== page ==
PTSD and the Fort Hood gunman

FORT HOOD, Texas (WAVY) — Fort Hood’s commanding officer confirmed that the gunman of Wednesday night’s shooting at the Army post, Ivan Lopez, was being treated by a psychiatrist and undergoing evaluation for Post-Traumatic Stress Disorder.

10 On Your Side wanted to know about the process for being diagnosed with PTSD and if it would make him more likely to become violent. So, we sat down with Dr. James Reeves, Director of Mental Health at Naval Medical Center Portsmouth.

Dr. Reeves said that while a person can be diagnosed on his or her first visit, it usually takes about two or three sessions, which would be about a month.

Officials have said Lopez was stationed at Ft. Hood just over a month ago. As for the tendencies toward violence, here’s what Dr. Reeves had to say: “In terms of the literature and the research done on people with post traumatic stress, I have not seen anything that showed that those with post traumatic stress are any more prone to committing violent acts than anyone else.”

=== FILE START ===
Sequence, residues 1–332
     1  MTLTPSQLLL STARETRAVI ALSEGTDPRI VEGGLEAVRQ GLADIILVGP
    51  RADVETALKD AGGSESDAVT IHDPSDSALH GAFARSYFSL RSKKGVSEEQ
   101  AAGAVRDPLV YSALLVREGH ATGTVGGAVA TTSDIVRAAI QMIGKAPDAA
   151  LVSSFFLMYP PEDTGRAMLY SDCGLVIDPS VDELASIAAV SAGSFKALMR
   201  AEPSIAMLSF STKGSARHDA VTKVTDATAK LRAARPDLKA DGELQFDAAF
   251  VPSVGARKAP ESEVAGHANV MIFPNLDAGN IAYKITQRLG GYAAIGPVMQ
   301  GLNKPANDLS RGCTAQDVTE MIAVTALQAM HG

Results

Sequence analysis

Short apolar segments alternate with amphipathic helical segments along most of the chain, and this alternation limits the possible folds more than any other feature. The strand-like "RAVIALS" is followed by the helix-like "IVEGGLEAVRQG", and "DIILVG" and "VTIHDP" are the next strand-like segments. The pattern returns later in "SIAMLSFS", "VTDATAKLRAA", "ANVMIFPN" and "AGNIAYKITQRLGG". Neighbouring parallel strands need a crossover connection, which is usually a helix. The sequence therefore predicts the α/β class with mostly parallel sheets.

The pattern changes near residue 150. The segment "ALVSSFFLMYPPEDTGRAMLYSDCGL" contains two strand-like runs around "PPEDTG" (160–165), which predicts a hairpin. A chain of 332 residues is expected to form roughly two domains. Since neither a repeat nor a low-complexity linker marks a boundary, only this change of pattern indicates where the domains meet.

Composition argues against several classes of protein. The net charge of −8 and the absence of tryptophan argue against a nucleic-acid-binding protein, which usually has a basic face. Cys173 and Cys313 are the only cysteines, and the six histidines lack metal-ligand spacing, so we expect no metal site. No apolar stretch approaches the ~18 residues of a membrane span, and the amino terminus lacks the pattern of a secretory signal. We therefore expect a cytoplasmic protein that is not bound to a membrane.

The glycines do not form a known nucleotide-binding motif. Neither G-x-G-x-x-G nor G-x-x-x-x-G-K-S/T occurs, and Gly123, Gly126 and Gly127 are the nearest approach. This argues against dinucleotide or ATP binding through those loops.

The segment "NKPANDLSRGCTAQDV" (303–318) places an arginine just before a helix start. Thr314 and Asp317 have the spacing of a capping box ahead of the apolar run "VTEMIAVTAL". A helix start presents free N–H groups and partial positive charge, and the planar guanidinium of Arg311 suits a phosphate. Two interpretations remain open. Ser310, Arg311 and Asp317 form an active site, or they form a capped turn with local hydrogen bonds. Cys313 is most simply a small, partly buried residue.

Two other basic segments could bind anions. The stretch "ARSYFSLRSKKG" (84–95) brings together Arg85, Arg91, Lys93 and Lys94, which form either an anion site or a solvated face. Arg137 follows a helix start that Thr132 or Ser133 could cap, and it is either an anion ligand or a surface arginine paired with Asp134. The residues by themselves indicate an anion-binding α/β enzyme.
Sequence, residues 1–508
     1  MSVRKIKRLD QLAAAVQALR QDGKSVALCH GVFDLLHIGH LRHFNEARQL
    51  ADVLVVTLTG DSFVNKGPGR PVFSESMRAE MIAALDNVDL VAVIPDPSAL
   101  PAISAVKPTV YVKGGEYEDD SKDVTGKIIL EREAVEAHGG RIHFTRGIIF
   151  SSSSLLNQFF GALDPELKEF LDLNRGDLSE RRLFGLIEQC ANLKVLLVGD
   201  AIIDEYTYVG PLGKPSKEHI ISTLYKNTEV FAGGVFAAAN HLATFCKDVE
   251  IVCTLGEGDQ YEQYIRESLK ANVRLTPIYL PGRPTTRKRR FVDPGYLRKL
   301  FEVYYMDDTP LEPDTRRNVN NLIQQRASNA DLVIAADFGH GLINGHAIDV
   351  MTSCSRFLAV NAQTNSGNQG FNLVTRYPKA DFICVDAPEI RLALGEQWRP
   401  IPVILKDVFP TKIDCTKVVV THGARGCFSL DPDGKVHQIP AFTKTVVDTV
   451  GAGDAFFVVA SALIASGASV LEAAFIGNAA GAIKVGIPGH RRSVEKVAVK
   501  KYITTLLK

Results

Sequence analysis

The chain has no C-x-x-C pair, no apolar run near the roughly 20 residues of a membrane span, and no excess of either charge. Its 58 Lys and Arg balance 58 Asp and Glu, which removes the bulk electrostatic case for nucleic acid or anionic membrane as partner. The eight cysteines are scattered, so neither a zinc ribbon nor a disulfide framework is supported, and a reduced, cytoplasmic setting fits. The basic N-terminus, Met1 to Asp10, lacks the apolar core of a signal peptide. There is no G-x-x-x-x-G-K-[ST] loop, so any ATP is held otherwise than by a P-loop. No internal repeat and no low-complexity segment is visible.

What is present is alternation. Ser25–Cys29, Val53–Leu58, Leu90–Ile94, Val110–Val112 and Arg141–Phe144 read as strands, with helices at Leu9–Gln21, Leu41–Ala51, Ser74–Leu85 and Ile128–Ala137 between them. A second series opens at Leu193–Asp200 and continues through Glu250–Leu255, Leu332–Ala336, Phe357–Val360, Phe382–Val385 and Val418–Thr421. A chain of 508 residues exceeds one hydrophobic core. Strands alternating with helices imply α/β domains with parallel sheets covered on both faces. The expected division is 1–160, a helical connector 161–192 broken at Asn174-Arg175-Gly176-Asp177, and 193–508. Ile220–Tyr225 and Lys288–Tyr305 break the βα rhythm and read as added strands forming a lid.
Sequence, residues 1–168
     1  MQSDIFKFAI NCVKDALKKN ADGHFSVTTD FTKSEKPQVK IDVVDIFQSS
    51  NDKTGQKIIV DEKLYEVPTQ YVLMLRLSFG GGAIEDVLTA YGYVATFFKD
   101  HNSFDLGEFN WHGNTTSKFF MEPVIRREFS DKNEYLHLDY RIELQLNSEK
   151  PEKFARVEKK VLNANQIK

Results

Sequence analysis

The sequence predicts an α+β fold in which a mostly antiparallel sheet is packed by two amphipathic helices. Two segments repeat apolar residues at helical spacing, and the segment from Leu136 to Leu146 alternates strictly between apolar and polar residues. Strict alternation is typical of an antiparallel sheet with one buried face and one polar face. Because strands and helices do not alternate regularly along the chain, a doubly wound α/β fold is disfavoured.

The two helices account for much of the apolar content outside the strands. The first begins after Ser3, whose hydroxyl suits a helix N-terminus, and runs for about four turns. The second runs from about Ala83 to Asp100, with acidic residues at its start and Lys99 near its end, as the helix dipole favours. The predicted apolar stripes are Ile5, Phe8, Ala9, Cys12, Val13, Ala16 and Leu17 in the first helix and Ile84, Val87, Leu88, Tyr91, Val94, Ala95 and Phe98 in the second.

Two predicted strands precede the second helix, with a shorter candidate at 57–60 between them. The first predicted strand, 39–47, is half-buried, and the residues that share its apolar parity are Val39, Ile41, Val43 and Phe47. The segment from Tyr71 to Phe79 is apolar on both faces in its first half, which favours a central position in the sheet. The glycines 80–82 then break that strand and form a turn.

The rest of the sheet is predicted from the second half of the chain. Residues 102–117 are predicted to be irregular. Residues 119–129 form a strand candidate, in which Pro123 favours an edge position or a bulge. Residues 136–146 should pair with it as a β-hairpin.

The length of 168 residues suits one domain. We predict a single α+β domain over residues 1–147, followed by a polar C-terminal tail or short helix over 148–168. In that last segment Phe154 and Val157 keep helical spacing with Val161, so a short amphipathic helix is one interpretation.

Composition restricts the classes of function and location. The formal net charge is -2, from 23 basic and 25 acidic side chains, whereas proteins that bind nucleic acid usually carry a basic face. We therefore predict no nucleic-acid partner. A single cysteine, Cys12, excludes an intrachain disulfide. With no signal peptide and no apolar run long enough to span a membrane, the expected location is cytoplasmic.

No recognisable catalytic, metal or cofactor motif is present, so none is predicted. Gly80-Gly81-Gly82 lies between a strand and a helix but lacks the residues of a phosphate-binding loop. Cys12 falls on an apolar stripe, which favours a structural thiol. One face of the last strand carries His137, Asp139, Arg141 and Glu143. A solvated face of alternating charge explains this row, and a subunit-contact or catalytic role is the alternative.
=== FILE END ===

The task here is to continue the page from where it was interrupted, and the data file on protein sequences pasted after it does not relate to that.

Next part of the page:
PTSD is primarily an anxiety disorder so, most people who have it avoid crowds and can become isolated. When a person is diagnosed, Dr. Reeves said there is not necessarily a reason to take away their duties or even their weapons.

“We have a lot of people who’ve had post traumatic stress who’ve gone on with treatment and gone on to have very successful careers, and that’s  something people should be aware of that the potential to recover and to return to normal duty and to be perfectly fine, in terms of your military career, that is something people should expect,” Reeves said.

Ivan Lopez served four months in Iraq. His records show no wounds, no direct involvement in combat or any injury that might lead doctors to investigate a traumatic brain injury.

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